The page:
page 65

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page 65
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http://digital.library.unlv.edu/u?/dig,8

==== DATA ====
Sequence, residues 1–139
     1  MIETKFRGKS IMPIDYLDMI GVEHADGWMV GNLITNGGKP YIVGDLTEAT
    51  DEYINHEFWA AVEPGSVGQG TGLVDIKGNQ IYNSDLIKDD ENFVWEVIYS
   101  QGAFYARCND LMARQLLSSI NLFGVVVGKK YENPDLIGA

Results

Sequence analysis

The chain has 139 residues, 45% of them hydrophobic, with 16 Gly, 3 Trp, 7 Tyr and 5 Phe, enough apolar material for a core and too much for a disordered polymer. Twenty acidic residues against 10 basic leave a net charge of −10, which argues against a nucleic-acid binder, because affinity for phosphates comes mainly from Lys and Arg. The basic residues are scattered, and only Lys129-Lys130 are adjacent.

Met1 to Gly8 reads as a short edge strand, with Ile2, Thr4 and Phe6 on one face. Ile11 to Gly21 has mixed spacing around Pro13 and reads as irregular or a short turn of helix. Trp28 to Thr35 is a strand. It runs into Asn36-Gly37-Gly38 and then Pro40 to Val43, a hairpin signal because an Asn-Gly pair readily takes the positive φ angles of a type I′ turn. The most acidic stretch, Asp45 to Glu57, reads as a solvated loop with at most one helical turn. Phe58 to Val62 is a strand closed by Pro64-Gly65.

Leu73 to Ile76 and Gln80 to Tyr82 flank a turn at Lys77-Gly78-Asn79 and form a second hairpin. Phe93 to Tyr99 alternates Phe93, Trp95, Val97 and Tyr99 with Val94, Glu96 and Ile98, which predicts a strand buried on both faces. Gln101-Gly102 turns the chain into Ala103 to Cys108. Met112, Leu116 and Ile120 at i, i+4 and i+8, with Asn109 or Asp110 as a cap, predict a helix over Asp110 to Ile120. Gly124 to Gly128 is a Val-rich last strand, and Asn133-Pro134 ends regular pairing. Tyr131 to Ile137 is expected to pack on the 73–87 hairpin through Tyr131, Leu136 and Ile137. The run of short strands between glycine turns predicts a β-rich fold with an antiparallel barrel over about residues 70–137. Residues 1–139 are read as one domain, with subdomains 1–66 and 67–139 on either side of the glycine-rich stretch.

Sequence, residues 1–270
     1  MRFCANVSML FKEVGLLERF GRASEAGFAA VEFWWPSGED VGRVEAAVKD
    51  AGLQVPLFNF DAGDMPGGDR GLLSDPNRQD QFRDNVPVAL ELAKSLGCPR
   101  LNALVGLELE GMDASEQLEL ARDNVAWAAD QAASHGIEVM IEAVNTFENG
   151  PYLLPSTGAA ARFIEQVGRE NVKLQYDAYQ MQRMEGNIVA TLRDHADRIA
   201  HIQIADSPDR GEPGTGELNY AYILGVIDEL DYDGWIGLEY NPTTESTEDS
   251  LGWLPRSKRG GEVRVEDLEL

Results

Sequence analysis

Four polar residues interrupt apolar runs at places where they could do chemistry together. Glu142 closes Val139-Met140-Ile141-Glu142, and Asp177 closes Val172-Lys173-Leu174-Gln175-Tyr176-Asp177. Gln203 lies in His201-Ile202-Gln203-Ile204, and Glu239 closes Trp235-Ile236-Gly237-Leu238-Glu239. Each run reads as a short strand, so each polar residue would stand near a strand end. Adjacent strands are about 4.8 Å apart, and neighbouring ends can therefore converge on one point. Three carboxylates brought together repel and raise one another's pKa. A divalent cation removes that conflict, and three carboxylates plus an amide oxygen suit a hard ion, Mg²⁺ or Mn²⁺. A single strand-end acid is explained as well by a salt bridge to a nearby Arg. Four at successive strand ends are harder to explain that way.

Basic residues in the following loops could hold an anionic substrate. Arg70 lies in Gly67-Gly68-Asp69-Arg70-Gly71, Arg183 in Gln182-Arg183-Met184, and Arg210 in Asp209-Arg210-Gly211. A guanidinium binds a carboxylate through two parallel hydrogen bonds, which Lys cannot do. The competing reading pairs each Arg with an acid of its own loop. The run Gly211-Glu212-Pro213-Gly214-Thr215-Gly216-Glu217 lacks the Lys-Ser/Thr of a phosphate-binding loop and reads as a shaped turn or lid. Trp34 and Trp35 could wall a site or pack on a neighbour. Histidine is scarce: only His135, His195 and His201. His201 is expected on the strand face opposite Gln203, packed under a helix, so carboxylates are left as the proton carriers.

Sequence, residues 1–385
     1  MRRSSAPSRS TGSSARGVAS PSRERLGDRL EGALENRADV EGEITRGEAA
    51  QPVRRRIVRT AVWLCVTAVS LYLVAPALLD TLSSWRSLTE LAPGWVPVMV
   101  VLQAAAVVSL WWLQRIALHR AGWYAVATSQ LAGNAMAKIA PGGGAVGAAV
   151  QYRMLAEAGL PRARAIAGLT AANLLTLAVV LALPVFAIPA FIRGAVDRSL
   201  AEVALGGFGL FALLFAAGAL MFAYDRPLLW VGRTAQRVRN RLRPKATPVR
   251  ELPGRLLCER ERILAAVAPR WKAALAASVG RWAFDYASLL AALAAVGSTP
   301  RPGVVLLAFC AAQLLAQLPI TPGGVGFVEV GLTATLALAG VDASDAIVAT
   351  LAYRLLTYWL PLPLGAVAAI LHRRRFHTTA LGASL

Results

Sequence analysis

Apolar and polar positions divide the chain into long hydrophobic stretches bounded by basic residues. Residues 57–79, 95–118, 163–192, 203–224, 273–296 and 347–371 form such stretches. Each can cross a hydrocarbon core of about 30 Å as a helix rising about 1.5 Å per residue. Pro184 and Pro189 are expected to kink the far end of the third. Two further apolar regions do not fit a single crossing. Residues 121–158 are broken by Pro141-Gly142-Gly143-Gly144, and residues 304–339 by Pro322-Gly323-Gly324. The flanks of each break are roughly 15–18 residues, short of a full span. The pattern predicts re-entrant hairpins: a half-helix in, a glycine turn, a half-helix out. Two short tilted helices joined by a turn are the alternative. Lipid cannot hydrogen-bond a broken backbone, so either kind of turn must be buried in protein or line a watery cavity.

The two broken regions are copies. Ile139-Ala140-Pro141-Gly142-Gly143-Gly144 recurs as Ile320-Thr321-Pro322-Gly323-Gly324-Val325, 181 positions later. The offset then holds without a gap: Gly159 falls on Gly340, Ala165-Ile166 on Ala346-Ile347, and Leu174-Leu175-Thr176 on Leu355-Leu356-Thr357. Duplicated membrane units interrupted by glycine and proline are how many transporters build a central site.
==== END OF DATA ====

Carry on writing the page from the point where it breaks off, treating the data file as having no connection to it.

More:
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65acre feet per annum, providing these provisions are valid. I think there is a debatable question as to whether or not they would be valid, but certainly if they be valid, in other words, if the Congress has the power to impose these limitations, I think the Congress should exercise it in order that we may be protected.The second class of amendments are those proposed for the purpose of subjecting rights of way for reservoirs and canals everywhere on the Federal domain to the control of the Colorado River basin compact, so far as these rights of way for reservoirs and canals have to do with the withdrawal of water or its transportation from the Colorado River system. It is, of course, a question of great debate as to whether or not the Congress can divide water among States. We know the Supreme Court can do it, but query as to the power of Congress. May be Congress does not possess that power, but there is at least a chance of it possessing the power by regulating the use of its lands which are to contain water, or over which water is to be transported in such ways that these lands may be made to contain or transport that water in accordance with the terms of the Colorado River compact. This point likewise is not free from doubt, but if the Congress has that power, we feel that it should be exercised for our protection if this project is to be built.The third class of amendments is a class designed to have the Federal Government, by Congress, declare that all of its interests, water interests, in the Colorado River system are to be held as to the Government and as to anyone claiming under it, in accordance with the terms of the Colorado River compact. If what is called the "California theory" of water rights be sound, which we of the upper States deny, but if it be sound, then the Federal Government is the owner of the new unappropriated waters of that river system, and has the power to declare that it and those people claiming under it hold that water in accordance with the terms of the Colorado River compact. Even, however, if that doctrine of water rights be not sound, in other words, even if it is for the States and not for the Federal Government to dispose of the waters in our Western States, then still this section or these amendments would serve a valuable purpose.In the first place, we know that California has a body of law under which the Federal Government does own riparian rights, and such a declaration, therefore, would be effectual as to that kind of a water interest possessed in this river system by the Federal Government.Again we know that it is claimed by some, although disputed by others, that the river is navigable; if so, then the Federal Government hag certain interests in the way of regulation of navigation, and this section could apply to such interests. So there is a field for usefulness in respect to amendments of this class.The fourth class of amendments is a class designed to permit the Colorado River compact to be given effect upon the basis of a ratification by six States in the event all seven should not ratify. As you know, five already have given unequivocal ratification. It is a matter of great regret to me that the compact has not been ratified by all seven. It is, I am sure, to everybody in the upper basin, but the fact is it has not been. It may be ratified by seven; it may be

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